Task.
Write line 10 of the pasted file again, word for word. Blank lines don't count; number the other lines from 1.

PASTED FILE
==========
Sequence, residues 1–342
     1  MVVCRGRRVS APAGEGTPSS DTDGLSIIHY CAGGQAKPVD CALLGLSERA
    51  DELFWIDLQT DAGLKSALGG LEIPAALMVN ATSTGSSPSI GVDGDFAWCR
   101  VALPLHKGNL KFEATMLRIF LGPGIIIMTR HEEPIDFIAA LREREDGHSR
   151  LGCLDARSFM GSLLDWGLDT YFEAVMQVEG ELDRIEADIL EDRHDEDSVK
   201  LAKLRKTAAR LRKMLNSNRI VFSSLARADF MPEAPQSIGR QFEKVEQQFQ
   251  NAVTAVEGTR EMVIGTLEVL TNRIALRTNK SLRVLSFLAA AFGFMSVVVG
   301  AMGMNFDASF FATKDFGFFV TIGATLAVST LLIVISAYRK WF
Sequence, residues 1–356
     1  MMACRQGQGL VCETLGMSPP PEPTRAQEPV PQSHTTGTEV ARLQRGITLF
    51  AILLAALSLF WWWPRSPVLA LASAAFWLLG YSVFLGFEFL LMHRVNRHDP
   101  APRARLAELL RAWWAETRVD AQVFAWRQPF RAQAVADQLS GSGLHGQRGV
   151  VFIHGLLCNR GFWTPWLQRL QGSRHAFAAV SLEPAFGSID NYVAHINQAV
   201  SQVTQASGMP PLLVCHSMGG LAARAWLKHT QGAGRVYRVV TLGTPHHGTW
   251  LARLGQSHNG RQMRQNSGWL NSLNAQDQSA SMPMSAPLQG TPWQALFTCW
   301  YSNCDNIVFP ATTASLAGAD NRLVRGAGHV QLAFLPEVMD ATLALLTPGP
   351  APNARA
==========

     1  MMACRQGQGL VCETLGMSPP PEPTRAQEPV PQSHTTGTEV ARLQRGITLF